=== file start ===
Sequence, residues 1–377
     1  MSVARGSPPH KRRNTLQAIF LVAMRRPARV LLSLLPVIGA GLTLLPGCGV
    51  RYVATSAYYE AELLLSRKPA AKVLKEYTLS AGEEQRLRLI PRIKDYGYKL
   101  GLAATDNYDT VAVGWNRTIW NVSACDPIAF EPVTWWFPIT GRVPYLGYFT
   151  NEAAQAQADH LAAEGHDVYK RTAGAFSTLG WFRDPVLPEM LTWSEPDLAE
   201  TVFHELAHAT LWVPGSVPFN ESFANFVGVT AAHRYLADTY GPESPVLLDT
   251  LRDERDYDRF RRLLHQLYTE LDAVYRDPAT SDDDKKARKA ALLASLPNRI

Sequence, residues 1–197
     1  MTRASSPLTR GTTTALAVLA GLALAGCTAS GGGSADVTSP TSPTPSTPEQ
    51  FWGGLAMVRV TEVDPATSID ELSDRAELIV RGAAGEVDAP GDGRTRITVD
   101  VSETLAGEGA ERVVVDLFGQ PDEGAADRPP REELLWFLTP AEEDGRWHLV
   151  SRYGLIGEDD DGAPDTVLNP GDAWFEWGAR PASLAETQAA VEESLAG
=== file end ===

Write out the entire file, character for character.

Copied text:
Sequence, residues 1–377
     1  MSVARGSPPH KRRNTLQAIF LVAMRRPARV LLSLLPVIGA GLTLLPGCGV
    51  RYVATSAYYE AELLLSRKPA AKVLKEYTLS AGEEQRLRLI PRIKDYGYKL
   101  GLAATDNYDT VAVGWNRTIW NVSACDPIAF EPVTWWFPIT GRVPYLGYFT
   151  NEAAQAQADH LAAEGHDVYK RTAGAFSTLG WFRDPVLPEM LTWSEPDLAE
   201  TVFHELAHAT LWVPGSVPFN ESFANFVGVT AAHRYLADTY GPESPVLLDT
   251  LRDERDYDRF RRLLHQLYTE LDAVYRDPAT SDDDKKARKA ALLASLPNRI

Sequence, residues 1–197
     1  MTRASSPLTR GTTTALAVLA GLALAGCTAS GGGSADVTSP TSPTPSTPEQ
    51  FWGGLAMVRV TEVDPATSID ELSDRAELIV RGAAGEVDAP GDGRTRITVD
   101  VSETLAGEGA ERVVVDLFGQ PDEGAADRPP REELLWFLTP AEEDGRWHLV
   151  SRYGLIGEDD DGAPDTVLNP GDAWFEWGAR PASLAETQAA VEESLAG